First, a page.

Cluster1:fw01(M)-> exec nsrp sync global-config check-sum     
configuration in sync

It can happen from time to time that the configuration of the cluster run out of sync:

Cluster1:fw01(M)-> exec  nsrp sync global-config check-sum 
Warning: configuration out of sync

To solve this issue, you should force the configuration sync (only on the backup device!!!!):

Cluster1:fw02(B)-> exec nsrp sync global-config save
load peer system config to save
Save global configuration successfully.
Save local configuration successfully.
Please reset your box to let cluster configuration take effect!

Cluster1:fw02(B)-> reset 
System reset, are you sure? y/[n] y
In reset ...

After the reboot of the backup device, the cluster should be fully operational and in sync.

Note : when the device prompts you to save the config, enter “n” (no)

Optimizing Cisco ASA Firewall Configuration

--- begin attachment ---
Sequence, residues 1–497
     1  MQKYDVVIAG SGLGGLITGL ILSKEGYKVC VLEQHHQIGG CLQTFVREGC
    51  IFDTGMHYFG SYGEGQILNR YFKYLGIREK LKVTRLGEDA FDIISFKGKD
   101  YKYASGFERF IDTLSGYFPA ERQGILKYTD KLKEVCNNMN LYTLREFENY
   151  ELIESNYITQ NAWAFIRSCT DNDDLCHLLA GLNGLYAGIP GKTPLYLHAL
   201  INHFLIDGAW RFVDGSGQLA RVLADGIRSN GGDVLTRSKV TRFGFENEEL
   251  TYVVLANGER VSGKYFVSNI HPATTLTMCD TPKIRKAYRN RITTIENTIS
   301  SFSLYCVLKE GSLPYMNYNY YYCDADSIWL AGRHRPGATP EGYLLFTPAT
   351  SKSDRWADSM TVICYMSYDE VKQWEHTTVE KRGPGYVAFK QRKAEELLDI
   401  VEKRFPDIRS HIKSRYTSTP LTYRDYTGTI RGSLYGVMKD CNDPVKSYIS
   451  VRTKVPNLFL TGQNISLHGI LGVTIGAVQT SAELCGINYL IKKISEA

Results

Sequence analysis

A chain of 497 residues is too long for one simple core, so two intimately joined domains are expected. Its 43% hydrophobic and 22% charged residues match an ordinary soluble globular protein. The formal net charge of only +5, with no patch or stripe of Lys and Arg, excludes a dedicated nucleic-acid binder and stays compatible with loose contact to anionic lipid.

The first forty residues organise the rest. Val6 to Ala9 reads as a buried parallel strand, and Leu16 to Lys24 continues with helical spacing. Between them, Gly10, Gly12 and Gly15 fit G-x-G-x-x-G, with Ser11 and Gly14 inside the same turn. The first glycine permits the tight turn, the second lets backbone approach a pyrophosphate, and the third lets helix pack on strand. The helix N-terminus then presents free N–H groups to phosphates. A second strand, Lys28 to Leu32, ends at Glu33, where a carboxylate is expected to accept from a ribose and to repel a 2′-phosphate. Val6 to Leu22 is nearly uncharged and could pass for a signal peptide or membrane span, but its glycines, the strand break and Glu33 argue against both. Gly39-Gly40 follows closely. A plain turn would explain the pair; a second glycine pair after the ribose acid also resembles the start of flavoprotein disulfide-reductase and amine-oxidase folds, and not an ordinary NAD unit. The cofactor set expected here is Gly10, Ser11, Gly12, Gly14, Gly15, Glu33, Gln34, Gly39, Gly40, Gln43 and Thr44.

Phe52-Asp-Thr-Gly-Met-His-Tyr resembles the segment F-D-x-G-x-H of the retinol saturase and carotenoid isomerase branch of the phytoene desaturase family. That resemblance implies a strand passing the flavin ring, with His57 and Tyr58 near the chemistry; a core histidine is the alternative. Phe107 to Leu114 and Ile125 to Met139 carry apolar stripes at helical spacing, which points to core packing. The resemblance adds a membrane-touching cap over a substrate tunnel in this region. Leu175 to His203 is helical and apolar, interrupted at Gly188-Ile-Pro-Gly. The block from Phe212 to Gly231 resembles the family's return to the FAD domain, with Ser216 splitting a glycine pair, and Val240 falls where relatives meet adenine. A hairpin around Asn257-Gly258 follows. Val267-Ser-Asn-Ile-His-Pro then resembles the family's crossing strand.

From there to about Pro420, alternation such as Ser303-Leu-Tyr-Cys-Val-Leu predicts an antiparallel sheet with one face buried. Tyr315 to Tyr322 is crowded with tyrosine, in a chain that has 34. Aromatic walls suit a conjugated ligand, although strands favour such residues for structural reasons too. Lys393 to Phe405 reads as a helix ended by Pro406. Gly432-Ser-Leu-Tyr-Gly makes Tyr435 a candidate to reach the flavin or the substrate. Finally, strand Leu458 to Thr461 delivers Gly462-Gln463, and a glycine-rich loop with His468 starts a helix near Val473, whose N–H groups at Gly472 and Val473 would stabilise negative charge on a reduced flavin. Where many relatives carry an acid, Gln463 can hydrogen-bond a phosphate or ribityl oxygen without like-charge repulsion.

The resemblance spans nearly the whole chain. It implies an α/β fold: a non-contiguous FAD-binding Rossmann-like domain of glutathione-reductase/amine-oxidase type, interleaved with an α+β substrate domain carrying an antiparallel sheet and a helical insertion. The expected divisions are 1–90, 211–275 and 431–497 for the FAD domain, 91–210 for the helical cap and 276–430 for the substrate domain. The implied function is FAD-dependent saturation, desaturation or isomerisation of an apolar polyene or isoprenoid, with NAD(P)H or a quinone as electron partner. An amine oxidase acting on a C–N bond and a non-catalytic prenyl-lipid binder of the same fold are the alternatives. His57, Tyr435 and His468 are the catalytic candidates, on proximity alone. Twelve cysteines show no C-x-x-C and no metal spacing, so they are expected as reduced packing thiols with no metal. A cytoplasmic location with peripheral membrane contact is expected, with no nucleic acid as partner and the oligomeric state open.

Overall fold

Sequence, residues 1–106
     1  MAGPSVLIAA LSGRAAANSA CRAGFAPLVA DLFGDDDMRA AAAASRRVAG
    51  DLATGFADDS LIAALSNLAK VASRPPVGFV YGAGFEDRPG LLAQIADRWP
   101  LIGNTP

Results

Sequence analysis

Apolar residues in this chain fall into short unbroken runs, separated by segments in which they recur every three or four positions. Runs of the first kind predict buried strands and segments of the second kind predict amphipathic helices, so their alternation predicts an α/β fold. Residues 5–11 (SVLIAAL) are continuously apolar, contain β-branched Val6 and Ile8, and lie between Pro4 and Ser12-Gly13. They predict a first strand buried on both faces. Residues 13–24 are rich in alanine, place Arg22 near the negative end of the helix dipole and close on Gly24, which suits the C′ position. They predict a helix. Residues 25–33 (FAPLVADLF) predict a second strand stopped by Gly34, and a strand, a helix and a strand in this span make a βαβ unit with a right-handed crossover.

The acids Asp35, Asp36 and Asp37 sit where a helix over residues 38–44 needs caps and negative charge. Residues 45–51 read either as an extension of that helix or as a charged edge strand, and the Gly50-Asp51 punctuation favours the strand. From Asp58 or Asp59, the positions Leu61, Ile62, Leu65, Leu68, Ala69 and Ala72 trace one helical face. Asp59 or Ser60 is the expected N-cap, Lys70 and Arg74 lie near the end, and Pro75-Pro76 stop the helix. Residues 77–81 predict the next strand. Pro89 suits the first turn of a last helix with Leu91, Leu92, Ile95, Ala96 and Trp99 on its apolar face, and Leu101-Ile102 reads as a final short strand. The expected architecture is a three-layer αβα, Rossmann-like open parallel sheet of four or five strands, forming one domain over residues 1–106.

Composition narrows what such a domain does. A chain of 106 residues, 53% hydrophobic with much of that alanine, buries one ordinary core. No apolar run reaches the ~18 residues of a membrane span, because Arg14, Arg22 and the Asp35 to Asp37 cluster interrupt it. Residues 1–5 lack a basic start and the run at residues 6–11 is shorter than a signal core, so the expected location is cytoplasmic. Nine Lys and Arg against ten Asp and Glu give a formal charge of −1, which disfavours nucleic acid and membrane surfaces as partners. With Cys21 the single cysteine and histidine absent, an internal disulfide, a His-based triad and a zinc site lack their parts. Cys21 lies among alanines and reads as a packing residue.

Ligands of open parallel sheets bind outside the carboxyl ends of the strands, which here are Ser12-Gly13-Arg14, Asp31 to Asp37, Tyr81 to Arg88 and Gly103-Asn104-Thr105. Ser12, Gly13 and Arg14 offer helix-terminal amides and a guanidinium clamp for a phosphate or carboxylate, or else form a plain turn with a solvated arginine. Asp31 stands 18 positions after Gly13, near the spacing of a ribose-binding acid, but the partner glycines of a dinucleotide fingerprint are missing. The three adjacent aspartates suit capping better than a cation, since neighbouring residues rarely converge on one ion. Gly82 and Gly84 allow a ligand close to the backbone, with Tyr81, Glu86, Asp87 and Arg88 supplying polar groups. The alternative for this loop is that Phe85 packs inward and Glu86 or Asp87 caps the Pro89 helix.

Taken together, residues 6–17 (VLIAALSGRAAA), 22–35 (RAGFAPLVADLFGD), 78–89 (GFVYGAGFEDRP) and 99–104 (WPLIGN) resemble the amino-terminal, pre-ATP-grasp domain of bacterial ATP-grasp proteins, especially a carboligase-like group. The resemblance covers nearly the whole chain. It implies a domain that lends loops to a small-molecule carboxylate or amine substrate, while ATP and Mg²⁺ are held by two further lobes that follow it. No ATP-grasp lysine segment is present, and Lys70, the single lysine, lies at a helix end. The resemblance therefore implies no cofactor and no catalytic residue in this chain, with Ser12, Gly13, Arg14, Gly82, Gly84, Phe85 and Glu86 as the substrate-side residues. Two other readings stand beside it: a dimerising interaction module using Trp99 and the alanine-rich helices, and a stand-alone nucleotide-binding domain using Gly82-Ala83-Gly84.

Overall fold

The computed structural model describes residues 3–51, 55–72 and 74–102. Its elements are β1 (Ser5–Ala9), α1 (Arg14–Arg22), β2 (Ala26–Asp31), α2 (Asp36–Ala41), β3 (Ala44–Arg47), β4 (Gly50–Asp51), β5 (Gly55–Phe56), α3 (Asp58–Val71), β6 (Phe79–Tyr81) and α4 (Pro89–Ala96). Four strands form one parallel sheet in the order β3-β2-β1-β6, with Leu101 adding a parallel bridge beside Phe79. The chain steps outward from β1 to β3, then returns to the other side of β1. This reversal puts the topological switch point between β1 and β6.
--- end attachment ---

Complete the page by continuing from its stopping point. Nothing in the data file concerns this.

From my experience with Cisco ASAs over the last years it can make a big difference on the performance if the ASA is not correctly configured. You have to keep some things in mind when you install and set-up your firewalls. Of course for low traffic networks it will not make a big difference but for data centre infrastructures it can make a huge difference on the load of your CPU.

In the end from the network perspective everything can influence the performance: throughput (bit/s, packets/s and packet size), sessions (new and max connections), inspection and encryption (VPN). I recommend to have a look at the CiscoLive 365 presentation from 2012 – Maximizing Firewall Performance, very interesting presentation about the ASA hardware platform’s and what influence the performance.

At first some general information about the ASA platform’s before you start configuring

ASA5510 to 5550

  • On-board interfaces are better for higher packet rate


  • Traffic distribution over both I/O bridges
  • Keep flows on same I/O bridge and place interface pairs on the same card (inside and outside)